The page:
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With Valentine’s Day marked in bold in the calendar, it's inevitable to start thinking about the best possible gifts. Whether for a loved one or for yourself, a watch holds a timeless significance. In this day and age, when time is ubiquitous, displayed by a multitude of devices, a watch embodies pure pleasure. Furthermore, certain timepieces transcend mere function, evolving into exquisite works of art and jewelry. This sentiment perfectly encapsulates the watches I've selected for this article – two examples of artisanal craftsmanship and two more accessible yet equally stunning beauties for the wrist.


As a watch enthusiast and journalist, I am often asked: “Which one is your favorite?“. With my face blushing at the sight of the pieces that I love the most, my heart pounding at the sight of horological complications, and my mouth drooling over exceptional finishes, it is hard to pinpoint my favorite every year. As a (sometimes) pragmatist, I understand why certain watches are loved, desired or bought more than others. It is like asking the mom or dad of a family with several children which is their favorite child – in theory, all of them are, but they might still recognize that they have a favorite.


Year after year, BOVET 1822 continues to amaze with technical pieces of exceptional craftsmanship. And because the independent brand never disappoints but rather surprises, this year’s main piece, the Virtuoso XI, is yet another example of a contemporary tribute to pocket watches executed at the highest level of craftsmanship – now an expected characteristic of the 200-year-old brand.


It is rather difficult for a watch lover to select their favorite watches. A clash of opinions and facts is inevitable when several watch enthusiasts get together. When passion takes over, the discussions can become heated. In the watch world, this usually means a lot of fun, laughter, and positive vibes. The Lifetime Awards Gala 2023 watch selection process was no different. I was honored to be part of the jury with a select group of nice people. For me, the struggle was not about fighting for my favorite piece but about the selection process. A fight is easy, but the reasons behind it are complicated… And we all know this from the world around us.


At the end of August and the beginning of September the watchmaking world was in the spotlight for a new edition of the Geneva Watch Days. Born in the midst of the pandemic as an alternative to the former SIHH (now Watches & Wonders), which was cancelled due to the obvious problems associated with the terrible disease, the GWD has grown strong as an independent event. This year’s edition gathered nearly forty brands, offering both exhibitors and journalists/collectors the chance to enjoy a much more relaxed environment.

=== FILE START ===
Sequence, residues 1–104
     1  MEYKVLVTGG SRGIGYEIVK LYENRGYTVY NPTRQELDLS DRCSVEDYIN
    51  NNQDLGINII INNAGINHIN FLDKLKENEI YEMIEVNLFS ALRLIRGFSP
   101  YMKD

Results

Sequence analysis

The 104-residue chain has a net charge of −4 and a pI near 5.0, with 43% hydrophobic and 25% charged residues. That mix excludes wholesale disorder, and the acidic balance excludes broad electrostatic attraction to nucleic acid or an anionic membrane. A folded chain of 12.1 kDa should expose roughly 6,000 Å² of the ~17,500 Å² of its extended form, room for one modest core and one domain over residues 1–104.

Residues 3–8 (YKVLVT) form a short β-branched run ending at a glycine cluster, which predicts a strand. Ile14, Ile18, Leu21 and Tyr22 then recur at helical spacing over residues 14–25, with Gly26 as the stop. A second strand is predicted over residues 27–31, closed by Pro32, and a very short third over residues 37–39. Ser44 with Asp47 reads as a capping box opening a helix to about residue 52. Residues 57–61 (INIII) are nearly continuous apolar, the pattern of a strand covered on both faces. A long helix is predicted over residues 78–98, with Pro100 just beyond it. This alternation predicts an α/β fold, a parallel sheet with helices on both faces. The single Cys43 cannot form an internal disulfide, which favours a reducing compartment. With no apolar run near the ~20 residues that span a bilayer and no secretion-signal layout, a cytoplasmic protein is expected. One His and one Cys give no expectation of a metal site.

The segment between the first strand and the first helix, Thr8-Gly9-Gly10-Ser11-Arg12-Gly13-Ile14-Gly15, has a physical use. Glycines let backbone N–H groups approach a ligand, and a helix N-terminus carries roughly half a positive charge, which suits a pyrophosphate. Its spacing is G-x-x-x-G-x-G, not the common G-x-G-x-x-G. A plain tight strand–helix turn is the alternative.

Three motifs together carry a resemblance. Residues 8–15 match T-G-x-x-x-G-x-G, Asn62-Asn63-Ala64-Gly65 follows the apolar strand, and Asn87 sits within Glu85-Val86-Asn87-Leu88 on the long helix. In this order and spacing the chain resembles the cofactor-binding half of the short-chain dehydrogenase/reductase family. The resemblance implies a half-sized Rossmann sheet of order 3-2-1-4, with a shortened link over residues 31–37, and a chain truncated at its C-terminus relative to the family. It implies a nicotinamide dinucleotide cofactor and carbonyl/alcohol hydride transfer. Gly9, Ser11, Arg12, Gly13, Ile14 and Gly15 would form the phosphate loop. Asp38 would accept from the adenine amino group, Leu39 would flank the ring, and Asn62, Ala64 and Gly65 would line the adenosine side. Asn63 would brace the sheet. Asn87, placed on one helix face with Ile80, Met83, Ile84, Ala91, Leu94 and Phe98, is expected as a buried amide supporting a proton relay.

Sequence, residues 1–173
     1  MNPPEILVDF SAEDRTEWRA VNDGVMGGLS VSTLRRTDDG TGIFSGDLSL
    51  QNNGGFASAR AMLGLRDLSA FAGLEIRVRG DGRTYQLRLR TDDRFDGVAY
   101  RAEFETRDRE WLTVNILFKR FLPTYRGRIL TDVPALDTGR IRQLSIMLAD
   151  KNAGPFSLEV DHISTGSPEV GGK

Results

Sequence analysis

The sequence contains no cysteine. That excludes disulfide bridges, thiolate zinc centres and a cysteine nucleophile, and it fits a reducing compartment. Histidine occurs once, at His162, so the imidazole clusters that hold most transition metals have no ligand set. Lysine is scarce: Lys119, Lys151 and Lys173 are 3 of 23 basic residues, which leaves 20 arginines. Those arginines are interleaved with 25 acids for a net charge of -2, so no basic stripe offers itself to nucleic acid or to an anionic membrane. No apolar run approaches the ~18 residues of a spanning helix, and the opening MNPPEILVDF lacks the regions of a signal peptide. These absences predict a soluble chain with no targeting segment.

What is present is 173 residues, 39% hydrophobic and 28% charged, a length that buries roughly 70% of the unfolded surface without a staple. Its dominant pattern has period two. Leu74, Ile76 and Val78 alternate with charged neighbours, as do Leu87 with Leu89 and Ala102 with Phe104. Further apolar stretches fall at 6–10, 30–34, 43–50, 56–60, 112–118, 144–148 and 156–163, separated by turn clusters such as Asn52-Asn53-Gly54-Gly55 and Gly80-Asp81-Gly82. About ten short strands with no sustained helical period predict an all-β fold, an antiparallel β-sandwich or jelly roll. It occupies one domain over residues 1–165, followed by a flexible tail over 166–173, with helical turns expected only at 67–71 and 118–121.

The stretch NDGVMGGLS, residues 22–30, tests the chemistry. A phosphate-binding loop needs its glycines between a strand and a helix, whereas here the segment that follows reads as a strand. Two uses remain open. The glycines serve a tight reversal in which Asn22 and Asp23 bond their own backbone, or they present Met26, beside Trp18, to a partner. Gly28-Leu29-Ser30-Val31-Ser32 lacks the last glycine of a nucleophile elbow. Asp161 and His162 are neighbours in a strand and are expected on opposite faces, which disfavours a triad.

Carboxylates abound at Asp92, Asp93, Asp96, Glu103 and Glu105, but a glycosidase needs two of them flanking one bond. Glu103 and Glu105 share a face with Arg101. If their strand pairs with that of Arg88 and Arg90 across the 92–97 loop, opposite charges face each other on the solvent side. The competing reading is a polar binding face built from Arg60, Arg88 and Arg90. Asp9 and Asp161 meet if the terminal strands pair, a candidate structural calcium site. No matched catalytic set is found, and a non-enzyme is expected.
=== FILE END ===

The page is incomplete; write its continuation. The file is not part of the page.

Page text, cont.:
In 1915, the Radiomir, derived from “radio mire”, which is Italian for “radium sights”, was born in the hands of Guido Panerai. He invented gun sights that were illuminated by a radium-226/zinc sulphide powder enclosed in small, hermetically sealed containers. Radiomir was officially patented in 1916. Twenty years later, a 47mm prototype bearing the name Radiomir was designed to meet the need for excellent readability in muddy waters. The later sandwich dial is an improvement of the original models, driven by the military requirements for better legibility and luminosity.
This year Panerai continues an almost century-old story. The classic collection has received a lovely modern interpretation, with a brand-new finish where each timepiece has a unique character. Let’s dive into the details of the Panerai Radiomir Otto Giorni PAM01347 & PAM01348.


Ever since the early days of time measurement, humankind has felt the need to embellish time measuring devices. From the sundials of ancient Egypt and the water clocks of the New Kingdom (1500 BC) to the sandglasses (hourglasses - used to measure intervals) and the first mechanical devices that could be mounted in towers, the marine chronometers for ships and the smaller pocket watches, art and craftsmanship have embellished and even highlighted the display and reading of time.
And I am not talking about art objects that have the display of time as a secondary “function”. I am strictly referring to “classic” watches that were used as canvases to express images, ideas and concepts. That is why I chose as examples three pieces that are very different in style and price, the most affordable being the Maurice Lacroix AIKON #tide Benzilla, the most spectacular – the Corum Bubble X Aiiroh, and the most shining (and expensive of all three) – the Bulgari Octo Finissimo Sejima Edition.


When it comes to elegance in sports watches, the Overseas collection from Vacheron Constantin stands out. With clean and precise lines inspired by historical models, the Overseas is the go-to choice for both ladies and gentlemen collectors. Easily recognizable from afar for those in the know, it still remains fairly neutral for the large masses accustomed to more mainstream brands and models. This year, the Grande Maison has released two new, more delicate sizes: a 34.5mm version, available in steel and gold with a blue dial, and a gem-set 35mm version available in a pink gold case with a blue dial, and in a steel case with a pink dial.


How are legends born? When does one know the “legend” status was achieved? Some timepieces achieve that status after years and years of presence or absence – depending on the case, while others are instant legends. This is the case with the new MB&F HM8 Mark 2 – a fine and worthy successor of the HM8, HMX and HM5. If you are even remotely interested in the automotive world, you will definitely fall for this model first time round. And since this Mark 2 model is not just a small variant but a complete redesign, let us have a look at what makes it so special.